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  3. Trancelucence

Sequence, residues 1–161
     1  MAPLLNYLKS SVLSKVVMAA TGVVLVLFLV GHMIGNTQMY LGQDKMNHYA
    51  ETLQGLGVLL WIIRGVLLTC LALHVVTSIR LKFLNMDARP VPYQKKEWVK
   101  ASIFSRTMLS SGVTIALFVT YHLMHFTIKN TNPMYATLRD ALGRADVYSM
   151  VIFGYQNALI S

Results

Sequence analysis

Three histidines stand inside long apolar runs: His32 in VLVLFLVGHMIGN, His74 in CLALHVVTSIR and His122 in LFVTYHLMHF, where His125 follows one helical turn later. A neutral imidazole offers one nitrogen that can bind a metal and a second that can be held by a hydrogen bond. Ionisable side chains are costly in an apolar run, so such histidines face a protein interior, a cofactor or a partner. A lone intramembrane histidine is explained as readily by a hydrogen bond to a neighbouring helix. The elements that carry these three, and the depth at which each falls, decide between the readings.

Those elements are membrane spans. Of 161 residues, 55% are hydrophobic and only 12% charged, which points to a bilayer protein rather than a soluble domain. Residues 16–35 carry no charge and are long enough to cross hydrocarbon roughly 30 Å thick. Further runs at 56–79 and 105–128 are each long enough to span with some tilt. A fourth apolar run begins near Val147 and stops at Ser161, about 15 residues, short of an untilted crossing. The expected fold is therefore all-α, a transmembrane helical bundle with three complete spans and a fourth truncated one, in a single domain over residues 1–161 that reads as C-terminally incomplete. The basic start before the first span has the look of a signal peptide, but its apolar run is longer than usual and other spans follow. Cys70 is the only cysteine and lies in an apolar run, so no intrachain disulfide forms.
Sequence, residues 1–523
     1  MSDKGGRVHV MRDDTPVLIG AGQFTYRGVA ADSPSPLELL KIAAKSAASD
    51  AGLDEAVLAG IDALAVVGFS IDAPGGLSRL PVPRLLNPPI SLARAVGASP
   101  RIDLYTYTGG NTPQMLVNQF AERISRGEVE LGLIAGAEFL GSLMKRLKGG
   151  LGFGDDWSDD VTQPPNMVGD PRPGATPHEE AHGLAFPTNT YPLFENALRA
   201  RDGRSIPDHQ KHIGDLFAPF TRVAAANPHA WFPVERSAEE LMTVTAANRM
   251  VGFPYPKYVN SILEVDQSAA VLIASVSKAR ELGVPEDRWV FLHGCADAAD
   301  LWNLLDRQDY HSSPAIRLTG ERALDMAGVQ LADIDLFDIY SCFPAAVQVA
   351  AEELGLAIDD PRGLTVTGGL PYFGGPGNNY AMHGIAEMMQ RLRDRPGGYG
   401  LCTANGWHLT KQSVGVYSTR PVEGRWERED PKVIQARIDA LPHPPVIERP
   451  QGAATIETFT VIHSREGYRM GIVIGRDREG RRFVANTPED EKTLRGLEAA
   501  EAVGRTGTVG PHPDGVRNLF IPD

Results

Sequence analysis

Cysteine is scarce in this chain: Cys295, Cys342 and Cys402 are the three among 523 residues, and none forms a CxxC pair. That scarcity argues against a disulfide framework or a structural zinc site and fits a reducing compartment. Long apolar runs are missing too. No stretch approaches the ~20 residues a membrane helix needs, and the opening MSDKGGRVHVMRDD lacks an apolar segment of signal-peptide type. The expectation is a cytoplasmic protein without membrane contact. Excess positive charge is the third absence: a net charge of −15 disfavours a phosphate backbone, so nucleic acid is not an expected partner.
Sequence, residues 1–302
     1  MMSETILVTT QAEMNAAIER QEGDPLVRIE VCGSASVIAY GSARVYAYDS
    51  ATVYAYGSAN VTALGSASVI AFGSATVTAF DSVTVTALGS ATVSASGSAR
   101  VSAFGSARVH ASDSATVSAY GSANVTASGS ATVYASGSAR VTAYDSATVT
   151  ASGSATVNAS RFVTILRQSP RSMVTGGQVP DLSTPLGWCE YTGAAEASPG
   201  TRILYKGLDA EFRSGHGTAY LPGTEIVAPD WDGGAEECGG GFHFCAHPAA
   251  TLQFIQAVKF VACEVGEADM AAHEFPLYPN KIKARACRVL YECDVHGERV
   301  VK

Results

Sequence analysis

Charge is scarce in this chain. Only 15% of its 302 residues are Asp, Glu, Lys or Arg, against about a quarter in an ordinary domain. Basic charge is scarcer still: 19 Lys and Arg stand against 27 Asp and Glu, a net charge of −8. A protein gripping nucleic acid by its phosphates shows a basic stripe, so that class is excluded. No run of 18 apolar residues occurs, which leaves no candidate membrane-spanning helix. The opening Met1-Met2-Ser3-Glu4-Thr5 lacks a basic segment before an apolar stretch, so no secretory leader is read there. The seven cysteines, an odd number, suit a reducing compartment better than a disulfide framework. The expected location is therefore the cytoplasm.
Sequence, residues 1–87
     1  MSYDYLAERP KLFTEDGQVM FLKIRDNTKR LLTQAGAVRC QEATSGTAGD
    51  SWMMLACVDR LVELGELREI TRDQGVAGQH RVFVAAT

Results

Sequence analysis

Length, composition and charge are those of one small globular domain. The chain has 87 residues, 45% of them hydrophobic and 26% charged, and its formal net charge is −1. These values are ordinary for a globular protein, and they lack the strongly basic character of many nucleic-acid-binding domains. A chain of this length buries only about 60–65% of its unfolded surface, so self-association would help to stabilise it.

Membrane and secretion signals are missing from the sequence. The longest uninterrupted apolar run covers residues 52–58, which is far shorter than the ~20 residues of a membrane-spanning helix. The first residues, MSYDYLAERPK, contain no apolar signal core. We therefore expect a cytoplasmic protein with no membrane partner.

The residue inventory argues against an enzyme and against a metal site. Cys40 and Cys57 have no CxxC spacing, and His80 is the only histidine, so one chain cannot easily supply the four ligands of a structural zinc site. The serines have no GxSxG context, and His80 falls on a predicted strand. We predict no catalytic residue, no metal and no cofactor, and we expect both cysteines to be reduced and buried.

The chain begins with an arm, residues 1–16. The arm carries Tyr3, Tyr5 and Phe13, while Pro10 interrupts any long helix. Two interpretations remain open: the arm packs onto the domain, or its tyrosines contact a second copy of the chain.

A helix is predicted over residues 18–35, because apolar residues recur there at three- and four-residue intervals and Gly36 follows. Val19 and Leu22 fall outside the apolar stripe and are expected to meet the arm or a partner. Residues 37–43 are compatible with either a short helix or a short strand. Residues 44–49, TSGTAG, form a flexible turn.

[SEE UPDATE @ END] I LOVE this microwave. I have owned many dozens of them, purchased them for commercial and residential properties, noted their energy consumption, etc. In fact, we were the first people we knew to purchase one of these wondrous devices, a Gaffers and Sattler, in 1974. Friends and family would bring things over to heat up, no-one could believe how fast it was, a marvel. Back in those days you could use metal in them, in fact the cookbook that came with it described how you could wrap items that cooked faster (like the tips of wings of chickens, for example, or bread/rolls when reheating plates of food) with aluminum foil, and poke strategic holes in it, to prevent them from overcooking. I became quite good at it. I still miss that feature. But I digress.I had my doubts about using the dial instead of a number pad, and anticipated seeing if it really cooked more evenly. After several weeks of use I MUCH prefer the dial to a number pad- it takes about two seconds to enter any cooking time with it, actually easier, second nature now. As for cooking times, even though I went from a 1200 watt microwave, so far the overall cooking time at sea level is either about the same or less for most things I’ve tried. Water takes a little longer to boil, but frozen dinners cook in about the same amount of time or less (depending on the proportion and distribution of carbs to fats), with less energy consumption (25-30%). Fantastic.As for even cooking, I’ve long modified cooking instructions because much of the time they don’t produce the best result. For example, if you follow the instructions for Swanson Hungry Man classic fried chicken dinners, the smaller pieces of chicken come out hard as a rock and mostly inedible (that’s when I miss my aluminum foil). In this microwave with reduced cooking time the chicken came out perfect. I’ve noted a lot of items cook more evenly, i.e., at the midway point when you pause and stir the still partially frozen food, like with Stouffer pasta dishes, the pasta is more thawed/less frozen, so less cooking time is needed overall. (Though with some dishes, like Stouffer’s mac and cheese, I like to cook it about twice as long as called for to get it to brown, to have it turn out like mac and cheese from the oven). I do a lot of microwave cooking, e.g., make brownies, corn bread, nut breads, etc. (brownies cooked in microwave muffin pans take about two minutes on high), and this microwave produces better, more even cooking (oftentimes the very center of baked items is still raw, especially if cooked in a cake pan or pie plate; in experimenting with power level, etc., I’ve found this not to be the case with this microwave). Great! I’ve yet to experiment with foods like quiche, chili rellenos, or rice dishes. Added Later: Finally got around to using Defrost, and here is where this microwave REALLY shines. No cycling on and off, and meat evenly defrosted! None of the typical some parts half-cooked, some still frozen business, which can ruin the entire meal. And POPCORN- for the first time ever, no unpopped kernels, not one, without the popcorn being overcooked. Perfect popcorn!Anyway, I love the operation of this (it’s quiet, with a pleasant tone when it finishes, the LED light inside is nice (though it could be brighter), and the green LED display coordinates nicely with my aqua color scheme, the look of it (brushed stainless, classy), and the energy savings. I’m using it in my vintage travel trailer on a separate 15 amp circuit along with my Hessaire evaporative cooler, and I don’t have to turn off the cooler (it only draws 85 watts) when using the microwave, which will be really nice come summer. Couldn’t be happier with this microwave, highest recommendation!P.S. I just read a number of one-star reviews and was shocked at the reported unreliability, the failure rate. I’ve had a Panasonic DVD Recorder that’s worked flawlessly for years now. One review said that Panasonic admits that the microwave doesn’t work on new circuit breakers that employ arc fault detection. I just had my vintage travel trailer rewired, replaced fusebox with new circuit breakers. Don’t know if they employ arc fault detection but the microwave works fine. I’m glad I didn’t read these reviews before buying because I wouldn’t have bought it, and wouldn’t have had the chance to experiment with the inverter technology. I love this thing, I hope it doesn’t fail. Personally, for $100, it’s worth it (to me)- I just hope it lasts at least a year or two. I personally have never had a microwave that malfunctioned, I assumed they were all pretty reliable, apparently not. One would hope Panasonic would correct the problems. FYI, another thing negative reviews report is the fuse blowing. It’s an easy matter to replace, apparently, described in one or more reviews. Anyway if my unit malfunctions or dies I’ll update this review.UPDATE: Stopped working right at 6 month mark. No display, nothing. Didn’t happen while in use, bizarre. Hoped it would last at least a year. Glad I got to try the phenomenal inverter technology, but. I am not mechanically inclined and won’t attempt to see if it’s a fuse, or have repaired, too much trouble. UPDATE #2: Got a new microwave, which didn’t work nearly as well, so decided to tackle changing the fuse myself. To make a long story short, go to the questions and answer section above and type in “fuse”. Up come people’s efforts at changing it- problematic, e.g., the fuse is very hard to find, plus you have to change other components as well. So I say if you can afford to try a $100 experiment to try this marvelous technology, with the distinct possibility of the unit lasting only a few months, go for it. As I said originally I loved what the machine could do. I intend to look for another brand with the inverter technology and a better track record.